didn’t know all about was an accident.
I told you, obviously unfaithful husbands and greedy women,
but they’d given less than half a thought to the other woman in the story. Me.
Across the table, Ava Duncan winked at me, slicing into my
thoughts. Her smile was knowing, and still as pouty and sassy as it was when I first
met her, more than thirty years ago. I winked back.
I had to. Ava really was my friend and she’d tried to stand by me in the
best and worst of times. Truth be told, while she rolled during good times, she wasn’t
really a rock in the bad times, but Ava and I knew a lot about each other. And we both
knew that I knew a little more about her than she did about me.
For instance, I knew that Ava always planned ahead. I knew that she got her hooks into George Duncan and his family’s money by playing
a little bit pregnant. It was a standing joke between us that George, Jr. was the only
thirteen month pregnancy in human history – and we never shared the joke with George, Sr. I also knew that while George, Jr. looked a lot like his mother as a child, he looked a lot more like Joe Harris,
the family handyman as an adult. Nobody we knew was willing to share that with George, Sr.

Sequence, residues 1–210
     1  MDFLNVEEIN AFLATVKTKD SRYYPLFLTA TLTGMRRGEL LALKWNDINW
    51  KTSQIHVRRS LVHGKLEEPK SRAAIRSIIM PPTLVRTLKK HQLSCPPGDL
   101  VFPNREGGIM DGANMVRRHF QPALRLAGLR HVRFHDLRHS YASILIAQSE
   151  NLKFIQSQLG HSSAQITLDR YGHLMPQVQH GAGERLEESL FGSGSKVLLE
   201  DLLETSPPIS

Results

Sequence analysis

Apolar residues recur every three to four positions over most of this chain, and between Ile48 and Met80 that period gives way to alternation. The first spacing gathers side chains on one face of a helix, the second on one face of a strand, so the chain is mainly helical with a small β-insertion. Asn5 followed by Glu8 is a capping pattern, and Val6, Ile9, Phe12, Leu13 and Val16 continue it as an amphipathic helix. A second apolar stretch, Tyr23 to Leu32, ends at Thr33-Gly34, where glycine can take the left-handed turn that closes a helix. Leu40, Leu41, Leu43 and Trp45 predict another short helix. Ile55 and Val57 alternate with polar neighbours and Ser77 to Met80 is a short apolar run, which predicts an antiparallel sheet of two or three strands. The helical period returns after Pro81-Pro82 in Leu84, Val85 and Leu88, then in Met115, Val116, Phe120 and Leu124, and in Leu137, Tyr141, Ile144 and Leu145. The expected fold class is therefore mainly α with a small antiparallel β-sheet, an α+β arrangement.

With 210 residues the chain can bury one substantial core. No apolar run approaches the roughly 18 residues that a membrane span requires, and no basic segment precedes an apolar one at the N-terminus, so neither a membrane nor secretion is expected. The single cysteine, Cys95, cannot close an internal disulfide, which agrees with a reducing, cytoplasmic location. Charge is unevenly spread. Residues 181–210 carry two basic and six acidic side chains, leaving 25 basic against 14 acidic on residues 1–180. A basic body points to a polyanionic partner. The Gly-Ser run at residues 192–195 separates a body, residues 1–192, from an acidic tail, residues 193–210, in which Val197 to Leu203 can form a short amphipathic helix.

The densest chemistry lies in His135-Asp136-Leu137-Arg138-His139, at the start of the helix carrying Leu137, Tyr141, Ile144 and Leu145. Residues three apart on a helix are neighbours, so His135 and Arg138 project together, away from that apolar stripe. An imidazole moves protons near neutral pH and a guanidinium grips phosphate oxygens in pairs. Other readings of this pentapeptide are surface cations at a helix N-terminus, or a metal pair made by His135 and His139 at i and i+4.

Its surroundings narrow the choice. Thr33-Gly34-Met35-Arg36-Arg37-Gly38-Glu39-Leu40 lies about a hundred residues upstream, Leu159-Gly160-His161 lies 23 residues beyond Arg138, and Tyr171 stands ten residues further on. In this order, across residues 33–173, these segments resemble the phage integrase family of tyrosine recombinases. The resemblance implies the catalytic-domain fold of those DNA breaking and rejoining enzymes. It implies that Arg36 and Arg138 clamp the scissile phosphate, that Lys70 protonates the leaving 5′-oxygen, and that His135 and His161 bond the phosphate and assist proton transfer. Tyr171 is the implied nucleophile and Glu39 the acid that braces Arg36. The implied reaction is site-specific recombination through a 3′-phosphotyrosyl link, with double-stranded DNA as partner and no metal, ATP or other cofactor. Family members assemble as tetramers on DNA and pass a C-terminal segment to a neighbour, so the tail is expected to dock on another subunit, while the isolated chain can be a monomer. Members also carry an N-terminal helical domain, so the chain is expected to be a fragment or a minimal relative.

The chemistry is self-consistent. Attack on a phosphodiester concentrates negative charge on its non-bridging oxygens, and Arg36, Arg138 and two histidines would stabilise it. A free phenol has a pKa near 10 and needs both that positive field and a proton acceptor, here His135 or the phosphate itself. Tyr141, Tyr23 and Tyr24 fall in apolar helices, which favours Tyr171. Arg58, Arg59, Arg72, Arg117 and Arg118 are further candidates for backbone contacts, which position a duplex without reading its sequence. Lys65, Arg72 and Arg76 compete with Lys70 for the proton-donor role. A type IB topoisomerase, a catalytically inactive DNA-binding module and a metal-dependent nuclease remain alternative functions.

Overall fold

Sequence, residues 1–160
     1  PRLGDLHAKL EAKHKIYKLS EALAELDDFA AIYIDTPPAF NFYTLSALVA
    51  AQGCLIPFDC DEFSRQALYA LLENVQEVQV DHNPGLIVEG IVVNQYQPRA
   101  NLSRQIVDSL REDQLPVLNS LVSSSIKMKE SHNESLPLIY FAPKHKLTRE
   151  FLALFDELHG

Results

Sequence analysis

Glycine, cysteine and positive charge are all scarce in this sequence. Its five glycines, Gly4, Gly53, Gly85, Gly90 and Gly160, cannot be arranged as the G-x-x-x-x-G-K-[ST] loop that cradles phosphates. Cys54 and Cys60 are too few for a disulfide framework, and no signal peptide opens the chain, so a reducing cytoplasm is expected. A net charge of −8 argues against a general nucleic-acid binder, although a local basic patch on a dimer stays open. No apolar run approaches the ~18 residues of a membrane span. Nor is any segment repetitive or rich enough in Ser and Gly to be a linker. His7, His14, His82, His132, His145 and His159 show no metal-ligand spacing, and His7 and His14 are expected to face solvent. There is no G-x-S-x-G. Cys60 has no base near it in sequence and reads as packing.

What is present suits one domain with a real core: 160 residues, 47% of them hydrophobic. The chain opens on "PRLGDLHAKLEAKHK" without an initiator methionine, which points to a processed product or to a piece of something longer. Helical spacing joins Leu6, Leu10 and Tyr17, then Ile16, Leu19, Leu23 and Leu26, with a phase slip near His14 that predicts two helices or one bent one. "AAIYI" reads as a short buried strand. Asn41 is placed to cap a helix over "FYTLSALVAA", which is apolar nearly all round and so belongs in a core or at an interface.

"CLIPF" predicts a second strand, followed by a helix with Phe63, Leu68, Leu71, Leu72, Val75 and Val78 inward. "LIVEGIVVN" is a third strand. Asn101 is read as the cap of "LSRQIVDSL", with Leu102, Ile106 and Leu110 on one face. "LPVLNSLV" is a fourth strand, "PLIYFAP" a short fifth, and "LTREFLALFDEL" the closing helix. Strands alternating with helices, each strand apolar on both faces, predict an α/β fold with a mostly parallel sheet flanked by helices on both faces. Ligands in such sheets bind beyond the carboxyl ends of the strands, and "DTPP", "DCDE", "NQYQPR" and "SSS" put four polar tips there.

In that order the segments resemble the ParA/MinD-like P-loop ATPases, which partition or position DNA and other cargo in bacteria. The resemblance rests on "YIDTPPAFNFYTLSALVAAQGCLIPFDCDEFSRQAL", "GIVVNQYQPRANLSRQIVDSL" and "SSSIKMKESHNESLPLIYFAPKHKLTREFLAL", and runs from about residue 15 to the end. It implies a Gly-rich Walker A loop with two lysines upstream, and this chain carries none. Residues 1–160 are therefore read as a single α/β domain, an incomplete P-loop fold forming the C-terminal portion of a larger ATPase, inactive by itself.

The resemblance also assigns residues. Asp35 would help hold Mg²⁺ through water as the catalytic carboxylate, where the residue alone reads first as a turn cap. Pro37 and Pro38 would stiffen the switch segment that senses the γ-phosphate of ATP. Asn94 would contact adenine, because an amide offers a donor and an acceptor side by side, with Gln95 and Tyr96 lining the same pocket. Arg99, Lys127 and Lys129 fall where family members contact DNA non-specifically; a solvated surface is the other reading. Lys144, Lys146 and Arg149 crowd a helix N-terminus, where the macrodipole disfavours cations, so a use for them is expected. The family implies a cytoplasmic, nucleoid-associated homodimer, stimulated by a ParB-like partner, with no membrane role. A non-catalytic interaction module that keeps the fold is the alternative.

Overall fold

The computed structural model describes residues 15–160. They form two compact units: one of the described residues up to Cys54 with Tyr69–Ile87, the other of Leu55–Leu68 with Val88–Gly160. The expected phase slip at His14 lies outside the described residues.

I knew about the money Ava had stashed away. Most of it came from selling the jewelry George gave her over the years. She
held the profits in abeyance – just in case she needed to make a quick getaway. “I’ve
been poor and Negro and a woman,” she once told me. “I didn’t like
it. If I’ve got to take two out of the three, poor will never be me again.”
I should have taken her point more seriously.
Standing at the head of the long table, his gloriously balding
brown pate gleaming even brighter than the onyx studs of his tuxedo shirt, Linn Williams was saying something. Barking the words in his trademark squeaky voice he rattled on – something about resilience, beauty, and
grace. He also used my name several times, so I knew he was still talking about me.
Sitting tall across the table, Ava held her stomach in and
tossed her hair. It was probably a wig, but it was a good one, the style reminiscent
of a hairdo she probably wore back in the day when she was considered one of Atlanta’s beauties.
We sort of had that in common, being called beautiful. Atlanta born and a graduate of the elite Jones Day School, Ava could pass the “paper
sack” test with ease. She was blessed with tea parties, white glove affairs,
cotillions, and all the frills that went with them. Her family was true southern black